The availability heuristic is the main reason why workplace assessment should take place on more than just a yearly basis. Why? It’s simple.
If there’s only a yearly assessment, the most recent events will have more impact on the assessment.
If there’s only a yearly assessment, the most recent events will have more impact on the assessment.
For example, an employee might forget to deal with an important project management issue before leaving for vacation, resulting in a project falling behind. Even though the employee is reliable 99% of the time, this mistake could lead to a worse assessment if it happened right before it.
Standard Life increased customer satisfaction with a single question
The insurance company Standard Life asked experts from Cowry Consulting to redesign the script their customer support team was using when communicating with customers.
What really drew Cowry’s attention was the ending of the script. The ending is crucial and very formative when it comes to customer satisfaction. Why? Because of the peak-end rule. It says that as the ending of any process is easiest to recall, it has a major impact on the whole experience.
The standard ending for calls went something like this:
- “Now that we’ve dealt with your inquiry, is there anything else I can help you with today?”
Usually, the customer would say no.
- “Would you like to take part in our survey about the quality of service you received?”
The customer would say no to this too, finishing with a double negative.
When you end a call like this and later ask customers to rate how satisfied they were with the support, the first thing they will recall is the double negative. Not great.
Cowry suggested tweaking the first question. The new version sounded like this:
- “Have we covered everything you needed from us today?”
The answer? Yes! Customers were not just more likely to answer yes to a subsequent request to fill out the survey – they also felt better about the whole interaction in retrospect. Specifically, customer satisfaction increased by 13%.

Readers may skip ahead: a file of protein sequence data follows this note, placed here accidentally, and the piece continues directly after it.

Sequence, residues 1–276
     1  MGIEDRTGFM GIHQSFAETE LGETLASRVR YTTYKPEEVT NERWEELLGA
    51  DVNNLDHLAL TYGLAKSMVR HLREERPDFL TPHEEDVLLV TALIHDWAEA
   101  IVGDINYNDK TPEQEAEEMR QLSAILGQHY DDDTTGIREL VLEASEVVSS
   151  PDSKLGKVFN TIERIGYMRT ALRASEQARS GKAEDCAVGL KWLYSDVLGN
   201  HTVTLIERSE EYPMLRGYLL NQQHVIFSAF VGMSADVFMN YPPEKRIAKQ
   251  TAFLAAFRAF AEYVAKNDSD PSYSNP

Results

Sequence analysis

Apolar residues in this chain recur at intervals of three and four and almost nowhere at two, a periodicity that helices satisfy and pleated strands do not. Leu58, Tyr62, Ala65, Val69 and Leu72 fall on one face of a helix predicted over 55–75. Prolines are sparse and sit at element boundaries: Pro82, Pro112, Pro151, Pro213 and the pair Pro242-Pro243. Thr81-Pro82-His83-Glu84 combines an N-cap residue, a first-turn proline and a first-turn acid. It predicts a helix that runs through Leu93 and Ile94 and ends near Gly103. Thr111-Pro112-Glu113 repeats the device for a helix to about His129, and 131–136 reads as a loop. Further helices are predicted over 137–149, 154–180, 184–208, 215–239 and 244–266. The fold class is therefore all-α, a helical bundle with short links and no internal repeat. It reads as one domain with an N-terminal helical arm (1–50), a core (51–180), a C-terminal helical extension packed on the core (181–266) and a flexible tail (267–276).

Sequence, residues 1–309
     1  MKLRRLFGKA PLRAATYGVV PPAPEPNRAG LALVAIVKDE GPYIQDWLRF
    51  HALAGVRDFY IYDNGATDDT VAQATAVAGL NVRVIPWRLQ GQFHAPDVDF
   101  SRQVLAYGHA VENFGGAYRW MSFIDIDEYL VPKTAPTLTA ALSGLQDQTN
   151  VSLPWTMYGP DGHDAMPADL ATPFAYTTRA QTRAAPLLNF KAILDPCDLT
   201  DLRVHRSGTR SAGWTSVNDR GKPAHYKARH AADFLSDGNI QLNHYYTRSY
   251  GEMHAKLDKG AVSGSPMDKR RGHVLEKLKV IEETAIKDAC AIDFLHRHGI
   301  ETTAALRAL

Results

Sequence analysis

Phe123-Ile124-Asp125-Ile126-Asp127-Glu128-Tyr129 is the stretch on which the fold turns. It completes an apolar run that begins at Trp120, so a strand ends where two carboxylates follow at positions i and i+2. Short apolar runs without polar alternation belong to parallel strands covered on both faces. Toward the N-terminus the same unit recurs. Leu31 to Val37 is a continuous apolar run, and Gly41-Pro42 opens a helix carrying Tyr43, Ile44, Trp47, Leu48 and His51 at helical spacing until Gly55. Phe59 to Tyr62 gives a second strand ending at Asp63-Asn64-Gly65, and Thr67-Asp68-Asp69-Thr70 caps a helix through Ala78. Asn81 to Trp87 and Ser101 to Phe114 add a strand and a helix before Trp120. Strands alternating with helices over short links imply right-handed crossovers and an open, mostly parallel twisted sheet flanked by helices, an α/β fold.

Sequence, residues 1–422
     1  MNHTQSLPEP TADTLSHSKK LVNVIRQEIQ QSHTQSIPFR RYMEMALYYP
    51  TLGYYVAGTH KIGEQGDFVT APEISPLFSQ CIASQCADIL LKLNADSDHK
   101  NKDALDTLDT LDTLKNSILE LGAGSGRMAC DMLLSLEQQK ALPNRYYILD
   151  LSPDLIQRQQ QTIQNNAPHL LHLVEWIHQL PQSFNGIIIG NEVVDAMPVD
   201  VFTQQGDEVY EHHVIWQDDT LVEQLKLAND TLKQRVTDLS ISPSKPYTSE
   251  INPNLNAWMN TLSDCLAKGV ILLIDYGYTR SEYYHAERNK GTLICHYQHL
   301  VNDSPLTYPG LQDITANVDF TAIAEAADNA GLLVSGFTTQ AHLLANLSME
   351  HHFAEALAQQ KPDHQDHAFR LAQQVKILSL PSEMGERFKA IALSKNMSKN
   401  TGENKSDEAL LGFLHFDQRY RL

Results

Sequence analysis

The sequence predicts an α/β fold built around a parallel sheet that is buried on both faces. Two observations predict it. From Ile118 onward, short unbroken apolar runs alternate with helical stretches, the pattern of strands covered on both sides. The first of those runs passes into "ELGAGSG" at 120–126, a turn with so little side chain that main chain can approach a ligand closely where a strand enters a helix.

How to use the availability heuristic in business
Ad repetition makes customers buy
Is there an ad that you really can’t stand anymore? Is it because you see it everywhere you go? Yep, those companies use the availability heuristic in practice.
The more often you see their ads, the more available it is in your memory.
To stay relevant, they need to stay on the top of your mind. Whenever you need something, let’s say toothpaste, companies fight to be the first one that comes to your mind. And they do it through repetition. The more often you see their ads, the more available it is in your memory.
If your product is the best in the industry but customers don’t think of it when they need it, then they won’t buy it. The availability heuristic allows you to stay relevant.
The last thing customers remember affects customer experience
Remember the peak-end rule mentioned above? The principle says that the ending of any process is easiest for us to recall, resulting in a huge impact on the experience as a whole.
Let’s imagine you go shopping. First, you take your shopping cart, then you go inside, search and compare products, and then, at the end, go through the check-out.
After you leave the shop, the checkout will be your “freshest” memory of the shopping process. If you had to wait in line for a long time, the negative emotion that entails is what will be at the top of your mind – and it will color the whole experience as quite a negative one.